The story of Liverpool Football Club is as long as it is intricate, an unrivalled journey that is expertly played out in a show for the ages.
Football on Merseyside is something akin to religion, a way of life and a worldview. The history of Liverpool FC, replete with stories of glorious triumph, hollowing defeats, heroes and villains, tragedies and redemption, is a long and heady one.
Its traditions and tales are passed from one generation to the next, and the task of weaving them all together in a way that entertains, informs and moves an audience is no easy feat.
After seeing Nicky Allt’s magnificent ‘YNWA – The Story of Liverpool Football Club’, I can confidently declare mission accomplished. The show is a triumph.
From the haunting and beautiful rendition of ‘You’ll Never Walk Alone’ by newcomer, Lydia Morales-Scully – possibly the best version I’ve heard that wasn’t performed by Gerry Marsden himself, or sung by the Kop – to the spine-tingling ‘Allez, Allez, Allez’ this is a tour de force of the Anfield songbook, and yet it’s even more than that.
Entering the old Royal Court Theatre, which has stood on the corner of Liverpool’s Roe Street, overlooked by the magnificent St George’s Hall since 1938, we’re greeted by six gleaming European Cups before being guided to our seats. The balcony overlooking the circle in front of the stage is draped in banners, and before us is a set that resembles all the trappings of every match day. A terrace takes centre stage and to the right is a pub, while on the left a band will provide the sounds. The feelings are familiar, the setting instantly identifiable.
This is the story of a football club, but one told through the eyes of its people, a typical Liverpool family, played by the flawless Mark Morraghan, the brilliant Lindzi Germain and Jake Abraham, Lenny Wood – the willing butt of many a joke, whose comic timing was perfect – and his expert sparring partner, Lydia Morales-Wood.
The performances are also backed up with archive footage and images played on a giant screen above a section of terrace representing the old Spion Kop, and a superb supporting cast which includes Ben Gladwin, Matt Connor, Adam Keast and Daniel Ross help us along our journey.
‘A show for the ages’
We start with the founding of the club, and with Everton president, John Houlding “in the dock” at a meeting of the club’s shareholders, and from here the audience are grabbed by the hand and whisked on an adventure in time, pausing to reflect on key moments, and revisit old heroes.
As the play is written by a Scouse veteran of the Kop and of many a Liverpool away day, you would expect there to be plenty of Scouse in-jokes and digs at the club’s most historic rivals, Everton. You won’t be disappointed. But in the case of the latter, the humour is gentle and even affords the Blues a chance to revel in Liverpool’s relegation misery. Here, Jake Abraham is superb as the jubilant Evertonian whose joy turns to bitterness later in the show.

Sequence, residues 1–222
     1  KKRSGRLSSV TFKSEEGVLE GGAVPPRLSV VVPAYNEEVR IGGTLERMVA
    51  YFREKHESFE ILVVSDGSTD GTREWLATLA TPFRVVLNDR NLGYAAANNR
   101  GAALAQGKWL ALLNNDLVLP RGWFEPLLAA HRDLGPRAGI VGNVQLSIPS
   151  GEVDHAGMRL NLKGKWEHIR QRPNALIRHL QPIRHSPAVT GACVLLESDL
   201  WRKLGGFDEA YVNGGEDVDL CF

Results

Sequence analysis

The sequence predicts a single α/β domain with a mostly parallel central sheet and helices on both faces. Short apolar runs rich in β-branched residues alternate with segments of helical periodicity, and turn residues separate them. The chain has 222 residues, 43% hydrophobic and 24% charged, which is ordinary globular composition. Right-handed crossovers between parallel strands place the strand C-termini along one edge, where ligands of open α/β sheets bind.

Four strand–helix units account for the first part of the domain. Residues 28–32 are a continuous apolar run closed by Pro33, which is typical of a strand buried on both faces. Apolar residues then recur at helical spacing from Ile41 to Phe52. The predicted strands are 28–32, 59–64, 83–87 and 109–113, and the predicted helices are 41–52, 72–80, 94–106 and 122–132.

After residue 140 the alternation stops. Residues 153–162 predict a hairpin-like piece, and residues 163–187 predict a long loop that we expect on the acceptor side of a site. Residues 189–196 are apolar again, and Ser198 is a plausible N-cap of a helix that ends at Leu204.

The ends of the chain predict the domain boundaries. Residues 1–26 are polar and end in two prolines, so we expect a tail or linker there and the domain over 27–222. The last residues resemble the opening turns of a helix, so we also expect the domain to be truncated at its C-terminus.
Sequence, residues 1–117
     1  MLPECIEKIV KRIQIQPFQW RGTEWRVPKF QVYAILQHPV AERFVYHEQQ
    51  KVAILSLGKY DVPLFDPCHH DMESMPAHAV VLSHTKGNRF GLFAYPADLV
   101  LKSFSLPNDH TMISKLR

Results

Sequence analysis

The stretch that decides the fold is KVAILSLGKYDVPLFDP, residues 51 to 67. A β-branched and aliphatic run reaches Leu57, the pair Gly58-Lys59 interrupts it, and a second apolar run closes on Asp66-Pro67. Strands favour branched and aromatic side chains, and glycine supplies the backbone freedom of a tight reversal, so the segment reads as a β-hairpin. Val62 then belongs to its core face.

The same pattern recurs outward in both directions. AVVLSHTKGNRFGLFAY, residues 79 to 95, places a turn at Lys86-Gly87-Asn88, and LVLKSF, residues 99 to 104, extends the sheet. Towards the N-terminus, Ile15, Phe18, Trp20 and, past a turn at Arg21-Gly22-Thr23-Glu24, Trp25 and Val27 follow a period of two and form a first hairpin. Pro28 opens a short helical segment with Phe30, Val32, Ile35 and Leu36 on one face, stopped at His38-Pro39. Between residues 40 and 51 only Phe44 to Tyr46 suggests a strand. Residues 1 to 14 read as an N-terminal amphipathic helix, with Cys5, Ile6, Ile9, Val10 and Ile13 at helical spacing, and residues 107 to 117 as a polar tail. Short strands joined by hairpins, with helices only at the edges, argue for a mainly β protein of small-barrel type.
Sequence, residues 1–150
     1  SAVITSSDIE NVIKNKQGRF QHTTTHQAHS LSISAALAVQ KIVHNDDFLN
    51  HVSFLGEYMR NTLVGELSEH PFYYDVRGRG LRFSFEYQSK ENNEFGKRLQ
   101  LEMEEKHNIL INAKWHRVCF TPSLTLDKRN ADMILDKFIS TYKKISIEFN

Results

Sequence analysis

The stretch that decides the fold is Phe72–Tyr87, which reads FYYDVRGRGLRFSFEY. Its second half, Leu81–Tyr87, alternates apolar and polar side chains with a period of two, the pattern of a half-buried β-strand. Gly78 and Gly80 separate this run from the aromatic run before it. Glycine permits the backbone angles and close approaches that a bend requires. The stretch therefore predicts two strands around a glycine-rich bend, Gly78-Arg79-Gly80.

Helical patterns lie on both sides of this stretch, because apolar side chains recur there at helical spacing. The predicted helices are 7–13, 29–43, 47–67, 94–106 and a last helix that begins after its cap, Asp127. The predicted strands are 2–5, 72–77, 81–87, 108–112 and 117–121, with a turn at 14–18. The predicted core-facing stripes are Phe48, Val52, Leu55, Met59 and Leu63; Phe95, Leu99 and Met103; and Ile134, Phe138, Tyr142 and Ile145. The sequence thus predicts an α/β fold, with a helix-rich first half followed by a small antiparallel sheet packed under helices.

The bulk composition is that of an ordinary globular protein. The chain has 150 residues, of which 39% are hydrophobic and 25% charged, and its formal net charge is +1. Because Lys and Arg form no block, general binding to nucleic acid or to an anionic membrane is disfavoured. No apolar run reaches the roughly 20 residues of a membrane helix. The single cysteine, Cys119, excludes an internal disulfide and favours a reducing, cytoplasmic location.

After discovering the origins of the club and learning of the impact of two World Wars on Liverpool FC and the city, and the famous title-winning side of the 1920s, we are introduced to the age of kings. Here, the audience almost took the roof off the old place as the stories of Bill Shankly, Bob Paisley, Joe Fagan and Kenny Dalglish were retold and the glory years played out before their eyes.
When you see this show, as you must, look out for the hilarious team talk featuring Dalglish (Mark Morraghan) and Peter Beardsley (Jake Abraham). You will also be treated to a typically Liverpudlian treatment of the Harry Enfield Scousers trope. However, in dealing with the ’80s, we are forced to face our two greatest sources of heartbreak. And you could hear a pin drop as the cast skillfully dealt with the horrors of Heysel and Hillsborough.
The way in which the play switches gear between the glittering success, exuberance and humour of the ’70s and ’80s and the grim reality of two sporting tragedies, that needlessly claimed so many lives, is quite an achievement. To then lift a crowd weighed down with sorrow for the coming chapters in the club’s history was even more remarkable.
To say it was effortless does a disservice to the actors, whose performances were as skilled as they were deeply moving, but that’s how it appeared to me.
And so it was that we arrived at the Jurgen Klopp era, via Souness, Evans, Houllier, Benitez, Hodgson (mercifully briefly) and Rodgers. Along the way, we visit the treble-winning season of 2001 and of course Istanbul. And, thanks to Klopp, the show is assured of a happy ending and a raucous finale.
This was genuinely one of the best nights I’ve had at the theatre, and the performances were worth every second of the standing ovation they received. After the nerve-shredding and exhausting end to last season, it was everything we needed and more, as we face yet another epic season of ups and downs.
I suspect it will always be that. This is, after all, a Liverpool FC show for the ages.
The show runs from August 30 to September 3 at Liverpool’s Royal Court, you can find more details here.